“Hidden Headlines of Texas” began as Chad Lewis’ goofy hobby of collecting unusual news accounts, which he then turned into a cottage industry.
“Really, I printed them out for my own interest and amusement,” Lewis explained in a phone interview. “I did Wisconsin first. Even in Wisconsin papers I ran across stories about Texas.”
From there, he began going through on-line archives of Texas newspapers to find stuff that’s just weird. Now that he’s finished Texas, he’s working on New York.
I like to think our state is the most bizarre, but New York is odd now, never mind 100 years ago.
This book has a couple of things working for it: First, a 19th-century fascination with science, but little actual knowledge of it; and second, a style of journalism that’s one step above the “newspaper” you and your best friend wrote in sixth grade about smelly teachers and your favorite rock band.
To give you a taste of this book, in the section titled “Ghosts,” is this short entry from the Galveston Daily News, dated March 16, 1875: “Moves out. GALVESTON — The man who rented a haunted house was seen to leave it late one night last week. He was thinly clad at the time.”
Yes, there’s an entire section on ghosts. None of the articles question the existence of ghosts, they just report them. So you get an idea of the quality of investigative journalism in this book.
Corsicana actually has three mentions in this book. We’re under “Creatures” because of a giant rattlesnake, and “Peculiar People” because of a fugitive who turned himself in to the law.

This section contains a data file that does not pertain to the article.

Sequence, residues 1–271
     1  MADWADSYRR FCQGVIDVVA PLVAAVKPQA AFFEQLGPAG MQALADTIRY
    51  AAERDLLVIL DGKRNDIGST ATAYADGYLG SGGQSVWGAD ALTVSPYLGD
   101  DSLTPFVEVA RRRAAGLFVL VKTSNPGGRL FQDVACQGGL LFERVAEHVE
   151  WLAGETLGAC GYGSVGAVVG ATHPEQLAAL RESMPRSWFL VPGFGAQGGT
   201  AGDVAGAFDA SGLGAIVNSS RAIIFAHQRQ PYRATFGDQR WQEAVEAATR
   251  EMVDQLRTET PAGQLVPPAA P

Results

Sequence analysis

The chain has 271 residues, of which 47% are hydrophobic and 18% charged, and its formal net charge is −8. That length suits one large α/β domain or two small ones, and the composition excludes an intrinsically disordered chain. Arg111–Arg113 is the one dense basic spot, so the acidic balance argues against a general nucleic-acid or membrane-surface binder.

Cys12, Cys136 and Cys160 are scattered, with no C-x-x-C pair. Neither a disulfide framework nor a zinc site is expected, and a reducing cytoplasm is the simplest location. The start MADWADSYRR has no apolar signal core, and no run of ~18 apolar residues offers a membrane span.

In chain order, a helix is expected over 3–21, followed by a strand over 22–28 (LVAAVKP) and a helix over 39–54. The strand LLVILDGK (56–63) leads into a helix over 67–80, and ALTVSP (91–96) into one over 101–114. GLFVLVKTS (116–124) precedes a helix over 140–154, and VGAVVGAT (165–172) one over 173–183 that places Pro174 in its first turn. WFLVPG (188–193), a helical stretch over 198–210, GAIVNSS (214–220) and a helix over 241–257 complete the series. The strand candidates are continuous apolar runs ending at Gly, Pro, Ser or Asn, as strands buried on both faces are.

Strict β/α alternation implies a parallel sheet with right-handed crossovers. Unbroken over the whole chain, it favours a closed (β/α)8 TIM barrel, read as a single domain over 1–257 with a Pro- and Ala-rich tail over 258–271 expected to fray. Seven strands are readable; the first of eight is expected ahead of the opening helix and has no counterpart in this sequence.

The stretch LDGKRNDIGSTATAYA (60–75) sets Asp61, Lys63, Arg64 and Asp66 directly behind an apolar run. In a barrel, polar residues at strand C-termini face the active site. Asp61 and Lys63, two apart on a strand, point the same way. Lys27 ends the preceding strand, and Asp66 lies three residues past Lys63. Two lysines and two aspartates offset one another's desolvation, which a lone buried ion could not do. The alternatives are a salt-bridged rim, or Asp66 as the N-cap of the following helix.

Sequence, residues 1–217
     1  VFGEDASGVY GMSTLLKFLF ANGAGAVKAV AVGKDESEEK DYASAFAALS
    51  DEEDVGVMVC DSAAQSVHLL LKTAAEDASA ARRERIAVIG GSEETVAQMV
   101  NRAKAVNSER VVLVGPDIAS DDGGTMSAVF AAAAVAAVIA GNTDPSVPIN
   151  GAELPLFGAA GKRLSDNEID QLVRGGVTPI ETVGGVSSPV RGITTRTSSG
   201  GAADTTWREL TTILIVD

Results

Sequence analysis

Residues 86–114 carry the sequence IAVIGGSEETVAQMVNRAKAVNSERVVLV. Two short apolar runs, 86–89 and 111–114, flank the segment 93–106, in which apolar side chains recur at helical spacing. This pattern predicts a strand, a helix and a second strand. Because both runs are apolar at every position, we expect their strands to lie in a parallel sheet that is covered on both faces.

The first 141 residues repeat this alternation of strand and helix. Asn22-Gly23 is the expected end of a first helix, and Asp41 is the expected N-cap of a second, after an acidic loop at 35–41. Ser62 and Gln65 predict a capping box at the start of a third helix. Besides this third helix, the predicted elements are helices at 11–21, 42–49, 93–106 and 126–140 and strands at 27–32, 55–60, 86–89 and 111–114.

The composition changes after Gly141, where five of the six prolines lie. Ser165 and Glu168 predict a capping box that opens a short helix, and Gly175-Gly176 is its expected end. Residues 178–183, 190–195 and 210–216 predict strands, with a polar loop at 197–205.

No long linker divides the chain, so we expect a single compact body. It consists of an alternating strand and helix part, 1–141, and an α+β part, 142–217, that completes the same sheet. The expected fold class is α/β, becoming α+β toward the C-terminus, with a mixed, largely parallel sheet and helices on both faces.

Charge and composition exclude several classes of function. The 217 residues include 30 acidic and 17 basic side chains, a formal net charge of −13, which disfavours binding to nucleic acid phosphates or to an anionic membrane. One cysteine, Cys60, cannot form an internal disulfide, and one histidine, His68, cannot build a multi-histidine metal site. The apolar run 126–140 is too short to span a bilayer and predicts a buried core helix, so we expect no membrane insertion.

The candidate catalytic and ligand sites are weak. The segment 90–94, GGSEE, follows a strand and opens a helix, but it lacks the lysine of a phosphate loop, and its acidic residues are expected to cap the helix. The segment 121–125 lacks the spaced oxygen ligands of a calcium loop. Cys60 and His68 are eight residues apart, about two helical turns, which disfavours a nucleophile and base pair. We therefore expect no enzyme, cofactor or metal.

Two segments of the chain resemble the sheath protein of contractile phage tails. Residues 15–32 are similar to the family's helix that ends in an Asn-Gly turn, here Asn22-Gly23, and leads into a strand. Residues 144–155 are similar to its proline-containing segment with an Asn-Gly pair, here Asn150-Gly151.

The one about the fugitive is kind of sad, because the guy obviously felt wracked with guilt. Except it turned out he wasn’t wanted at all. Who knows how long that poor loser worried about that before finally surrendering?
The snake story is interesting, but I’m wondering about their ability to measure accurately. I mean, really? An 11-inch diameter snake? What was it eating, bowling balls? Did they have bowling balls back then?
We didn’t make the cut for the chapters on “Bizarre Deaths,” “Medical Anomalies,” and “UFOs.” I found the UFO ones just a bit eerie because of the descriptions of flying stuff years before the 1903 flight of the Wright brothers. Airships didn’t do loop-de-loops at night, did they?
And that’s what pulls you in. This stuff happened 100-plus years ago, but the fascination is still alive and kicking.
Sure, we have the Internet, I-Pods and Tivo, but the Daily Sun still gets reports about panthers in people’s pastures (I really need a photo, if anyone has one) and about a week ago we got several reports about a big military airplane flying low over Corsicana. (The FAA didn’t return repeated phone calls.) If there is a difference between us and the newspaper reporters of 1907, it’s that we ask for names and addresses and boring stuff like that.
However, I feel confident that in 2107 people will be making fun of us and our antiquated style of reporting. Hopefully, medical science will enable me to still be around, so I can bop them in the nose, or at least make some money off it myself.
I guess what appealed to me most about this book is that there’s still a lot of humanity in it, despite the freakiness of the topics. People haven’t changed that much. We’re still curious about each other and our world, and we’re still working through our questions by calling attention to it, and pondering it together.
Oh, yeah, Corsicana’s third entry is in the “Oddities” chapter. It’s a fairly longish article from the Dallas Morning News, dated Aug. 20, 1891, about a mysterious hole some guys dug on Collin Street that was a source of fascination all the way up in Dallas.
People standing around a big hole in the middle of downtown Corsicana and calling it news.
What’s bizarre about that?
Janet Jacobs is a Daily Sun staff writer. Her column appears on Sundays. She may be reached by e-mail at email@example.com.